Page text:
By Robin Mayo
If you are looking for an adventure that is within reach and family friendly, I highly recommend planning a trip to the Castner Glacier Ice Cave. With a two-hour drive from Glennallen and a one-mile walk, you can access a truly breathtaking experience.
The cave is approximately 50 feet wide and 40 feet tall at the entrance, and tapers as it goes back about 200 feet into the glacier. (Note: these numbers are pure estimate, I’m wishing I’d done some pacing!) Part of the floor is smooth ice, and the rest a mix of ice, dirt and rocks. We followed the curving cave until it was pitch dark, and the ceiling was too low for walking. Best of all, it seems to be pretty stable in the winter, so it can be explored in relative safety if basic precautions are followed.
One of the surprises for me was how many other people were there! On a December weekend we saw about 40 other people on the trails and at the cave, and I’d estimate there were over 100 on a weekday during the holiday break. It was fun to see so many people respectfully sharing the trails and enjoying themselves, but if you want to experience the place in solitude you may need to choose a weekday and/or be prepared to wait patiently.
Near the entrance, the ice was shining, with a unique scalloped texture and run through with ribbons of gravel reminiscent of polished marble. Further in, the ceiling is festooned with ice crystals, some reminding us of perching butterflies, and others needle-sharp or feathery. We could hear water gurgling beneath the ice, and a few damp spots reminded us to be very cautious.
The cave is accessed from the Castner Creek Bridge at mile 217.3 Richardson Highway, about 20 miles north of Summit Lake. Two trails go to the east up the creek, one from the parking area at the southeast corner, and the other about 100 feet north of the bridge. DOT has made crude but usable parking areas around the bridge. At my last visit in early January both trails were beautifully hard packed and easily walked. About halfway to the cave they come together on the creek. The trails are mostly similar and both well used, but the southern one included a steep 15 foot drop down to the creek, and the northern one is partly in the woods so more sheltered.
If you go, I’d recommend checking the weather for Delta Junction and Paxson to get some idea of conditions. This is a notoriously windy area, so come prepared with extra layers for the wind chill. I’d also recommend having snowshoes or skiis available in case the trail is blown in, which was the case on my first visit in December.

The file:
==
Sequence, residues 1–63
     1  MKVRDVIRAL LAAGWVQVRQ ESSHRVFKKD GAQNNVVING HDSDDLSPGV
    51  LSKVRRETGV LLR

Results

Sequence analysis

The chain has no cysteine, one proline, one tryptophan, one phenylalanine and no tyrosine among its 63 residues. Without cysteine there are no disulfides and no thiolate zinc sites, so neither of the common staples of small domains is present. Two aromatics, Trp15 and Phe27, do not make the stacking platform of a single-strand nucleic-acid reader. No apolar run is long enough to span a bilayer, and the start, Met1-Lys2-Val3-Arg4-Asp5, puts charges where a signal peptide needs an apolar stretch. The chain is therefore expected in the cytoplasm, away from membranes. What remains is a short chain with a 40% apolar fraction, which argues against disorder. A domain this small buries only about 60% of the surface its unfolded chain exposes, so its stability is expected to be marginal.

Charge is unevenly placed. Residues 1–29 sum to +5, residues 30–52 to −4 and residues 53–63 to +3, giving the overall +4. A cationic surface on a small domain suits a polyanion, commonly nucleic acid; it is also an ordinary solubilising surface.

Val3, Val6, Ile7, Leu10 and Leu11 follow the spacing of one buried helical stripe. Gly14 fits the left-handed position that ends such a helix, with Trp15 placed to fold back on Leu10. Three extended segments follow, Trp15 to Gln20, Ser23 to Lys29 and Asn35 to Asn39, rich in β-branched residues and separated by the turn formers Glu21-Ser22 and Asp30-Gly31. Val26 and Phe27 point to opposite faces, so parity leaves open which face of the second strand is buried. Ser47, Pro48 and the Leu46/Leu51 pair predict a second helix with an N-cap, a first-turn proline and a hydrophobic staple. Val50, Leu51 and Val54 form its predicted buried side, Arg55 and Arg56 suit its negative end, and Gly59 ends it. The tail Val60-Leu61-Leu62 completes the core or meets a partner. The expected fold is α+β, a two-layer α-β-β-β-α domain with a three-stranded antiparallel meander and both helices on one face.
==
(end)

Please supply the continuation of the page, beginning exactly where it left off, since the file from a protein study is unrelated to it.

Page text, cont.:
Although this is a relatively easy adventure, please have safety in mind. There was no cell phone coverage, so someone should know where you are and when you plan to return. Much of the trail is on an active creek, so give open leads a wide berth and be alert for new holes, which could open up even in the trail. At the cave, you may want walking sticks and/or cleats for your boots to make it safer to walk on the ice. There are rocks suspended in the ice which could fall, especially as the weather gets warmer. And towards the back of the cave, we could hear water and saw evidence of recently overflow and seepage, so be very cautious on the ice. If you want to explore the very back of the cave you will need a flashlight or headlamp, which we also found very useful for getting good photographs. Families with young children might want to bring along a sled for taxi service for tired little explorers.
Although this place feels like the middle of nowhere, it is important to be prepared for and considerate of other visitors. The parking areas are small, but workable if people don’t hog space, and are careful not to block other vehicles. Lots of dogs were enjoying the adventure, but everyone had leashes and was keeping their pet close, which I appreciated. The walk is so short a snowmachine would be needed only for someone who couldn’t make it otherwise. If you do bring your machine please yield to foot traffic, who have the right of way. In a place like this, it is also courteous to stay on the trail as much as possible, to keep the views pristine and also avoid creating lots of side trails which make the main trail hard to follow.
I wish I knew more about the history and geology of this cave, which appears to be formed from the combination of the stream running underneath, and the warm summer air melting out the entrance. It sounds like it has been there for quite a few years. The mouth of the cave faces roughly northward, which means it is spared long exposure to the sun which would speed up the melting. WISE is considering leading some hikes there later in the winter, if you are interested please let me know and I’ll fill you in on details, or keep an eye on the WISE FB page and website.
Who We Are
WISEfriends are several writers connected with Wrangell Institute for Science and Environment, a nonprofit organization located in Alaska's Copper River Valley. Most of these articles originally appeared in our local newspaper, the Copper River Record.